Since the days of Nixon's administration, world trade has developed on the basis of the paper money printed by the US, the dollar, a currency today worth about 27 times less than in the early 1970s--one of the many ways
the rest of the world is dominated and defrauded.
At the present moment, however, other currencies are taking the place of the dollar in international trade and hard currency reserves.
Thus, while the value of the empire's currency is decreasing, its military force is increasing and the state-of-the-art technology and science monopolized by the superpower are largely directed to weapons development.
China's MFN trade status key to US Pushing positive change
If we remain in China, we can play a critical role in helping the private economy gradually eclipse the state sector. In this respect, the most counterproductive thing we could do would be to revoke China's most-favored-nation trade status. A revocation
of MFN status would devastate Hong Kong, a conduit for over 70% of China's exports. If we want to have an impact on the changes occurring in China, we should not pull the plug on trade. Increasing economic progress will bring progress on human rights.
Source: Seize the Moment, by Richard Nixon, p.174-177
, Jan 15, 1992
Push Japan on trade, but no retaliatory protectionism
The US-Japanese relationship can only be saved if both sides make concessions. We should reverse the trend toward retaliatory protectionism because trade barriers always backfire by triggering ever-escalating countermeasures.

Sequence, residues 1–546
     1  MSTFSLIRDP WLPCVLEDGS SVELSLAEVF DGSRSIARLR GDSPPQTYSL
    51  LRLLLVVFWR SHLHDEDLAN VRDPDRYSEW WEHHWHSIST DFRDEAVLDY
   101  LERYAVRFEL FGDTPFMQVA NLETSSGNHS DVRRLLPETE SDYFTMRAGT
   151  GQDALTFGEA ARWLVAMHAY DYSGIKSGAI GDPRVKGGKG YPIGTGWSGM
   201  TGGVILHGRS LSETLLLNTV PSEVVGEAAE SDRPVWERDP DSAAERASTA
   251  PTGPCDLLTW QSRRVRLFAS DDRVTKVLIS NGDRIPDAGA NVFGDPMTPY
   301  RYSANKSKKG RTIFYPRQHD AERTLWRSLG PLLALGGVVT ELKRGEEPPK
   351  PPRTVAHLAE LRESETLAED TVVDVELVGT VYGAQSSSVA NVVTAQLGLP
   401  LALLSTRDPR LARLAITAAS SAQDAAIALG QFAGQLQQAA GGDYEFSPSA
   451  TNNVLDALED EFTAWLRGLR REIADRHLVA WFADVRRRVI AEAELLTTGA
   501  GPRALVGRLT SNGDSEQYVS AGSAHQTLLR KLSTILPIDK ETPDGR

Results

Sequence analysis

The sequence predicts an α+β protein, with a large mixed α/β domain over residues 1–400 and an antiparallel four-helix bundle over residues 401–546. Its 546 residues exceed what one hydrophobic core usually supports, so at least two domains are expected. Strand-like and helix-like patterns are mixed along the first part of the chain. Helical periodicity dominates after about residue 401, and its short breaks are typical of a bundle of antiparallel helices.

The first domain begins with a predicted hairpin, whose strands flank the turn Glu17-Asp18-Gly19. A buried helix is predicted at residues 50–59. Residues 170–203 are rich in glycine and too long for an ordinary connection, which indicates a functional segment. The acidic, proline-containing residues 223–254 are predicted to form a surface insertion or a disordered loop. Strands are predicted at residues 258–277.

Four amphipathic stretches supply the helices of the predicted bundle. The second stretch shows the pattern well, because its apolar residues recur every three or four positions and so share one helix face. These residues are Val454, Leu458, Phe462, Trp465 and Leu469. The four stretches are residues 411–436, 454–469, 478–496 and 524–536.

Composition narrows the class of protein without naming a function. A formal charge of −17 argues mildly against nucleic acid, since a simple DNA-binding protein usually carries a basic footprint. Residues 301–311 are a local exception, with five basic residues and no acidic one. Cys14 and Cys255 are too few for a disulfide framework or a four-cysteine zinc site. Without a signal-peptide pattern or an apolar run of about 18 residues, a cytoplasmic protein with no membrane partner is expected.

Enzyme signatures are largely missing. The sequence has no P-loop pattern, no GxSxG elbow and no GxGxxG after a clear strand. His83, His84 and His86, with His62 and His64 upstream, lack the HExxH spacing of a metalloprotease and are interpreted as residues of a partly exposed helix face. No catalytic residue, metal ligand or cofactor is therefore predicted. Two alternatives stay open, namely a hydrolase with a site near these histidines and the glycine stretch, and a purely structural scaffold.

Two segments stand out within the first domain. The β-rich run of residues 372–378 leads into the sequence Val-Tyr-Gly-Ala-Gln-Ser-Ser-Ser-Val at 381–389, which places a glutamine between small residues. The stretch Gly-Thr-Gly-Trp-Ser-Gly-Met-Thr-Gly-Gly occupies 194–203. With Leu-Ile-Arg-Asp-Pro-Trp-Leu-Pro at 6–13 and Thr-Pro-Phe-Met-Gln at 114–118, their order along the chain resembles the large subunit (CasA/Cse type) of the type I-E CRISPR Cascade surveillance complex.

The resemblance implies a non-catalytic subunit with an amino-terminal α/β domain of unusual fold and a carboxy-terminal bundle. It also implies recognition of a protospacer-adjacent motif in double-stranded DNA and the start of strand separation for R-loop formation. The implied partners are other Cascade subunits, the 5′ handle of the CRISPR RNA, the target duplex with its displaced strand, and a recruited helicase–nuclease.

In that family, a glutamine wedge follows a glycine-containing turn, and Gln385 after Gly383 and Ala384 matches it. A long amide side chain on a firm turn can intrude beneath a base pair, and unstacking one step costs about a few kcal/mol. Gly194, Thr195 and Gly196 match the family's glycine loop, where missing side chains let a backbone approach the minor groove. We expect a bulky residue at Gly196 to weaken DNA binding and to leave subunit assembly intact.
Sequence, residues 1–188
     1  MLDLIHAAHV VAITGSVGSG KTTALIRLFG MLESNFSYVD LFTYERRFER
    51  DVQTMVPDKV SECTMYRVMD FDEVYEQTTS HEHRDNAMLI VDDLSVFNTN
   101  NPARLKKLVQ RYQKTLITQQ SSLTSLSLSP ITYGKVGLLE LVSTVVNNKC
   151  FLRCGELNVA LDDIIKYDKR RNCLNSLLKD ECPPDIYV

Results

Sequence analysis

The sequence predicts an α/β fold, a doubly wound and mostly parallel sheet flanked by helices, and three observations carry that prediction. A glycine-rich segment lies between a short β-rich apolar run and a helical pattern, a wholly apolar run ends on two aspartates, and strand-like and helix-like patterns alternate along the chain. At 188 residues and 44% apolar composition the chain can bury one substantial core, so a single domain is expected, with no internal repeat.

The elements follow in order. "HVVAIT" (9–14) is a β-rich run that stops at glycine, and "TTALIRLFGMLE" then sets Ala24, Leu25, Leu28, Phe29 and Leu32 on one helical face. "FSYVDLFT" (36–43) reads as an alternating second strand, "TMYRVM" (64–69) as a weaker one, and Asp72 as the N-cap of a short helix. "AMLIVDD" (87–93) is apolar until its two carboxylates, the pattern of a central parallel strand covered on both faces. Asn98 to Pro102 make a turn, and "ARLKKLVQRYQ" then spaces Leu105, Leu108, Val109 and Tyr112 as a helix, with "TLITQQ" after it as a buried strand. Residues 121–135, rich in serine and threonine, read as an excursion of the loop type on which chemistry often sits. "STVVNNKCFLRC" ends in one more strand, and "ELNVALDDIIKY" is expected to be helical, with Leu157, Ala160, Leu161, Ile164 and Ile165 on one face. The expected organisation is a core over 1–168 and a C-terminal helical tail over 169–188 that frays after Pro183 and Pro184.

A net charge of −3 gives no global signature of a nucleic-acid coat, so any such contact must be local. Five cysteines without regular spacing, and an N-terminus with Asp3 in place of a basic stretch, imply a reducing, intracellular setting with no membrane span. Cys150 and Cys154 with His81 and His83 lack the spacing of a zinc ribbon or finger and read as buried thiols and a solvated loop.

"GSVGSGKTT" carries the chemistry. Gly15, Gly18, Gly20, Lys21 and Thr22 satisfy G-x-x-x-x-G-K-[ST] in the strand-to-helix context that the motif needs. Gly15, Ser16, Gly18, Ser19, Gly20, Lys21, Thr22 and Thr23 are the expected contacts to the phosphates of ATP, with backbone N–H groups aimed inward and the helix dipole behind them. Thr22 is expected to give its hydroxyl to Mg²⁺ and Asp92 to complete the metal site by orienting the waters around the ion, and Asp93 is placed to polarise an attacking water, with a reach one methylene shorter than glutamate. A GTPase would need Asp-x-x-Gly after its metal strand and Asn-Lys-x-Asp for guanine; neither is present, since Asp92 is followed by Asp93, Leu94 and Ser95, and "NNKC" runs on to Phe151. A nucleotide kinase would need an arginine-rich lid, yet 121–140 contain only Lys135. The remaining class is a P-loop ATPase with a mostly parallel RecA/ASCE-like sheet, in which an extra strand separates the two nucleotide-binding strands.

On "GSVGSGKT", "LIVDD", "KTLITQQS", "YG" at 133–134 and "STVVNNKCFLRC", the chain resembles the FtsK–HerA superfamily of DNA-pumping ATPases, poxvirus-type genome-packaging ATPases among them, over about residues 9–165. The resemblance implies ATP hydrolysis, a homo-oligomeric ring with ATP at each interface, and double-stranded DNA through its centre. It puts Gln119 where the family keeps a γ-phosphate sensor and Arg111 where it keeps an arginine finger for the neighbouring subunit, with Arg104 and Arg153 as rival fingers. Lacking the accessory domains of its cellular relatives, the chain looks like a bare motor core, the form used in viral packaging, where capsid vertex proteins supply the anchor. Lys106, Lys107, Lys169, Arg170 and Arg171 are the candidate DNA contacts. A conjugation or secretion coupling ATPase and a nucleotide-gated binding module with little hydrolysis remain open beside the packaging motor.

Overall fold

Broad-based trade retaliation leads to economic isolation. We should pursue carrot-and-stick policies vis-a-vis Japan in coordination with our European allies at the GATT talks and at the annual economic summits.
Only as a last resort should we employ selective retaliation if the Japanese refuse to abandon clear and identifiable unfair trade practices.
Meanwhile, Japan must reduce its tariff and nontariff trade barriers.
We should insist on structural reforms in the Japanese economic system that will eliminate monopolistic and anticompetitive practices of individual firms and cartels. If the Japanese want access to our markets, we must have access to theirs.
Tariffs are just another entitlement that saps incentive
We hear claims that by virtue of living in the US, a person is "entitled" not only to subsistence amounts of food, clothing, and health care, but to more and more of the amenities of life as well. It is not just the poor who seek these entitlements.
Farmers who demand a guaranteed price for their crops, steelmakers who demand tariffs to protect their market share, and dozens of other special interests all seek a guaranteed place at the federal trough.
People are entitled to an opportunity to earn the good things in life. They are not entitled to receive them from the earnings of others. It is up to them to ensure that what they bring to the market equals in value what they want to get out of it.
It saps incentive, builds resentment, and leads eventually to a corrosive sense of alienation and failure among those who are lured by its siren song into thinking that the nation owes them the good life without effort on their part.